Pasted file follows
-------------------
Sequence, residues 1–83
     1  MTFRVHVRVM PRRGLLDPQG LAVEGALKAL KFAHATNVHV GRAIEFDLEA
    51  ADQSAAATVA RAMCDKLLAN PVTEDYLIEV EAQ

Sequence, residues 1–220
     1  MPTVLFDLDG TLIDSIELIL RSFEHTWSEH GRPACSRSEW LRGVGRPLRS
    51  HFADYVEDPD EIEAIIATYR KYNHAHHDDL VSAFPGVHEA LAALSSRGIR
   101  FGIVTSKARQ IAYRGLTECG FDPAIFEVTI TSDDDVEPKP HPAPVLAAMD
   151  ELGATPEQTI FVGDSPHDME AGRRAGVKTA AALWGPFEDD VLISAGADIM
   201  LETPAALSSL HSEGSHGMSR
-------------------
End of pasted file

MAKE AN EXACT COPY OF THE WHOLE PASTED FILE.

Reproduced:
Sequence, residues 1–83
     1  MTFRVHVRVM PRRGLLDPQG LAVEGALKAL KFAHATNVHV GRAIEFDLEA
    51  ADQSAAATVA RAMCDKLLAN PVTEDYLIEV EAQ

Sequence, residues 1–220
     1  MPTVLFDLDG TLIDSIELIL RSFEHTWSEH GRPACSRSEW LRGVGRPLRS
    51  HFADYVEDPD EIEAIIATYR KYNHAHHDDL VSAFPGVHEA LAALSSRGIR
   101  FGIVTSKARQ IAYRGLTECG FDPAIFEVTI TSDDDVEPKP HPAPVLAAMD
   151  ELGATPEQTI FVGDSPHDME AGRRAGVKTA AALWGPFEDD VLISAGADIM
   201  LETPAALSSL HSEGSHGMSR